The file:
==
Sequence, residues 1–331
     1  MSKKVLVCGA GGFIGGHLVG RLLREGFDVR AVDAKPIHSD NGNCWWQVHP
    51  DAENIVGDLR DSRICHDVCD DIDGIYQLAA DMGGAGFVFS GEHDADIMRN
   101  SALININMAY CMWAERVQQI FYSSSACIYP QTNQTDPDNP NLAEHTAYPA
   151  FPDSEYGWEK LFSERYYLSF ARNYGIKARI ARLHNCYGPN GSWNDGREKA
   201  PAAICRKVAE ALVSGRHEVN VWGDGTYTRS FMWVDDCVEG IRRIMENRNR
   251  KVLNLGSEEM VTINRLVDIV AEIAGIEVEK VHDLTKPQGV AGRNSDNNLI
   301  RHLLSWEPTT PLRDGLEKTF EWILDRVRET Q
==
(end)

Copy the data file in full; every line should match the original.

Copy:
Sequence, residues 1–331
     1  MSKKVLVCGA GGFIGGHLVG RLLREGFDVR AVDAKPIHSD NGNCWWQVHP
    51  DAENIVGDLR DSRICHDVCD DIDGIYQLAA DMGGAGFVFS GEHDADIMRN
   101  SALININMAY CMWAERVQQI FYSSSACIYP QTNQTDPDNP NLAEHTAYPA
   151  FPDSEYGWEK LFSERYYLSF ARNYGIKARI ARLHNCYGPN GSWNDGREKA
   201  PAAICRKVAE ALVSGRHEVN VWGDGTYTRS FMWVDDCVEG IRRIMENRNR
   251  KVLNLGSEEM VTINRLVDIV AEIAGIEVEK VHDLTKPQGV AGRNSDNNLI
   301  RHLLSWEPTT PLRDGLEKTF EWILDRVRET Q